Tuesday, February 05, 2008

Happy Mardi Gras

I got parading out of my system Sunday. My youngest wanted to spend time exploring and socializing rather than watching the parades, so I didn't see a lot. Since it is so crowded on Mardi Gras, and since we didn't have anywhere to go with easy access to bathrooms, I decided to stay home. My youngest and I went to the playground for a while and found some other party (or shall we say parade) poopers. I also managed to read two books today (and got very little housework done). I read Janette Oke's Once Upon a Summer and Jan Karon's At Home in Mitford.

Once Upon a Summer is set in rural America around the turn of the century. The main character is a twelve year old orphan who lives with his Grandfather, his Great Uncle and his Aunt, who is five years older than he is. Shortly after the book starts, his Great Grandfather joins them. The book focuses on his relationship with his Great Grandfather and with his Aunt Lou, who of course, is courting age. It is Christian fiction but except for one scene, pretty subtle about it. In that scene someone shows the main character about self-sacrificing love.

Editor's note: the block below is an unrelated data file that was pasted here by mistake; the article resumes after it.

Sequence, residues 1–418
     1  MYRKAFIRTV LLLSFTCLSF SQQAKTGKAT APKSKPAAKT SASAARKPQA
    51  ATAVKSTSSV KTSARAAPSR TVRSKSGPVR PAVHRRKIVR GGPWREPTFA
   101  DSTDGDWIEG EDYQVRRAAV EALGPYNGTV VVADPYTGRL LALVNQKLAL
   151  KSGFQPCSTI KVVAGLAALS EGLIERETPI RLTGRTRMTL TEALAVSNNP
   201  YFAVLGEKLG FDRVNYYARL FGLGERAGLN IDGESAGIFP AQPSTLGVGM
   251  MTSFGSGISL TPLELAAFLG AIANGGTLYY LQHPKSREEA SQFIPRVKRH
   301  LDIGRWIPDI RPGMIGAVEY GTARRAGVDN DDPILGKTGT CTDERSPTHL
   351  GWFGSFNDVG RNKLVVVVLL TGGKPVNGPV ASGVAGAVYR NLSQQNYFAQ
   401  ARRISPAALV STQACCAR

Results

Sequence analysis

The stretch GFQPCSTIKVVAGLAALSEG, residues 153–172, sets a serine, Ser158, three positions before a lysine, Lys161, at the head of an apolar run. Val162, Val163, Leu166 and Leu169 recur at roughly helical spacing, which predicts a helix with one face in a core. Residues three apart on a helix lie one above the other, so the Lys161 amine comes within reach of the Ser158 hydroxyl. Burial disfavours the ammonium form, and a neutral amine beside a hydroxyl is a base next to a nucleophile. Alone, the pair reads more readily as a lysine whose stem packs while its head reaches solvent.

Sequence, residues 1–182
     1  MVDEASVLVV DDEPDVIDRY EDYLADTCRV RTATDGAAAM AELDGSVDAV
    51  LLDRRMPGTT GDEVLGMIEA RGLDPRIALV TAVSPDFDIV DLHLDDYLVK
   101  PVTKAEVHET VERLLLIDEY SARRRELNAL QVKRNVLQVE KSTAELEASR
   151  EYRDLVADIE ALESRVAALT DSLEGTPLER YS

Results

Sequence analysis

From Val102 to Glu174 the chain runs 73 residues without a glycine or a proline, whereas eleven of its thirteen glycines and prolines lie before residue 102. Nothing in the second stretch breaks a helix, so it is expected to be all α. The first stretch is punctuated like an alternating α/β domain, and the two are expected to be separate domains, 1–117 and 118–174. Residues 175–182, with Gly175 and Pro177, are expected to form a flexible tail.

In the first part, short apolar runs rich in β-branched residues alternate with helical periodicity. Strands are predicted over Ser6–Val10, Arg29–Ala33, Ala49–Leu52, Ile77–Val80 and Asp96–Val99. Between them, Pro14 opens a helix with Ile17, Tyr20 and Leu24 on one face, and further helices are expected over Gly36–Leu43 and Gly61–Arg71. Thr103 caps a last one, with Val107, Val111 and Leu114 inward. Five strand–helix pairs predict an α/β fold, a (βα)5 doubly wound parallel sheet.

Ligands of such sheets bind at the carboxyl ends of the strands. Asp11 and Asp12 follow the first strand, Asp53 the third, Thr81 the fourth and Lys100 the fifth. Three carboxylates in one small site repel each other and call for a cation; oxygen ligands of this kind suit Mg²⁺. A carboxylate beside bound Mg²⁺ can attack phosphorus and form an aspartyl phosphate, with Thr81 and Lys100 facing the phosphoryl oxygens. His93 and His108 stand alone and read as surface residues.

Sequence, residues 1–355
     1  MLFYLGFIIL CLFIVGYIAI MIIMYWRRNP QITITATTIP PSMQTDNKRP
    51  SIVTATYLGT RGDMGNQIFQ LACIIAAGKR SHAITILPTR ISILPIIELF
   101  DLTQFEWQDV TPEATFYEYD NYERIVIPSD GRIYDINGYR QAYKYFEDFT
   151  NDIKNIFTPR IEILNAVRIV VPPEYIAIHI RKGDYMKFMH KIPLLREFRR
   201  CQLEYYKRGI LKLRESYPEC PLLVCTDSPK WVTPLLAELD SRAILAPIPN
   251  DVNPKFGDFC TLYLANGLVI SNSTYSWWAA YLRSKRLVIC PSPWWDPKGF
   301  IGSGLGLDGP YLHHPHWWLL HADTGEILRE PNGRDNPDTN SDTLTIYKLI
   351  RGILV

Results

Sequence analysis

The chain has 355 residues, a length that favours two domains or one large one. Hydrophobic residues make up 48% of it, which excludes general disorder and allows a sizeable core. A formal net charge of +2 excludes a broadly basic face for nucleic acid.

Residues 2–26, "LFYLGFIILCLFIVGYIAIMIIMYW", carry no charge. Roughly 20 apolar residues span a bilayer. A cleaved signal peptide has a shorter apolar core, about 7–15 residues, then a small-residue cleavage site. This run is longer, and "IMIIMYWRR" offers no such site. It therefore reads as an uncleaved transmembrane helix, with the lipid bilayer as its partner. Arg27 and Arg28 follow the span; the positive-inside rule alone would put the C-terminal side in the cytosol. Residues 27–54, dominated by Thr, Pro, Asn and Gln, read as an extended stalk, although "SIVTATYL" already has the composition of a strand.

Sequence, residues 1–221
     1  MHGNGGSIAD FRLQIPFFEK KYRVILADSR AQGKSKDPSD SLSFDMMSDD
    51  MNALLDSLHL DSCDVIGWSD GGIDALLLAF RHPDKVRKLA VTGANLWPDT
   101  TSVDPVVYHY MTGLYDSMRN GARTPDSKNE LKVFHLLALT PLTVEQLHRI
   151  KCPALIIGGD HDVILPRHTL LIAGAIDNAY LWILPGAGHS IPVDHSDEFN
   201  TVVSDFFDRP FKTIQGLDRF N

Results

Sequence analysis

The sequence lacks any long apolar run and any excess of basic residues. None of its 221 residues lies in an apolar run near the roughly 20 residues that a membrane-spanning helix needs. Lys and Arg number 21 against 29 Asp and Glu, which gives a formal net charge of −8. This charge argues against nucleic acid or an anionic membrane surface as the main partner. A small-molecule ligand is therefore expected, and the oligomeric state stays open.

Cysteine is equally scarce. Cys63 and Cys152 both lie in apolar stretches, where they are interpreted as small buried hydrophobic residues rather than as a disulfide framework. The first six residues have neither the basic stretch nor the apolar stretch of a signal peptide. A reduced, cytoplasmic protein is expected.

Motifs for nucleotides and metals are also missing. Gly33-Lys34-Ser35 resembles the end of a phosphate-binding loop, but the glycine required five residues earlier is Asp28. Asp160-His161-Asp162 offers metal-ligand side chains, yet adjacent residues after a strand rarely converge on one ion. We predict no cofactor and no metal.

At Home in Mitford is the first in a series of books about an Episcopal priest in a small town. He works too hard and takes care of everyone but himself. It has a happy ending, and yet it leaves itself wide open for the books which follow. I'm going to be trying to get them, but after Easter.

These two are now on my Bookmooch list.

One Lenten resolution is to read some of the books I have, and want to read, but have been putting off because they require too much thought. They include C.S. Lewis's Surprised by Joy, Heni Nouwen's The Return of the Prodigal Son, a book on recently cannonized saints, Patrick Madrid's Pope Fiction, Charles Carlson's Buying Stocks Without a Broker, Max Lucado's The Final Week of Jesus and a book about teenagers on the Autism Spectrum.

1 comment:

  1. word wielder2:46 AM

    Hi from Australia,
    May I suggest a book for you to read? I would really like to hear your opinion of it. "Outcasts of Skagaray", by Andrew Clarke, from Musterion Press.

    ReplyDelete


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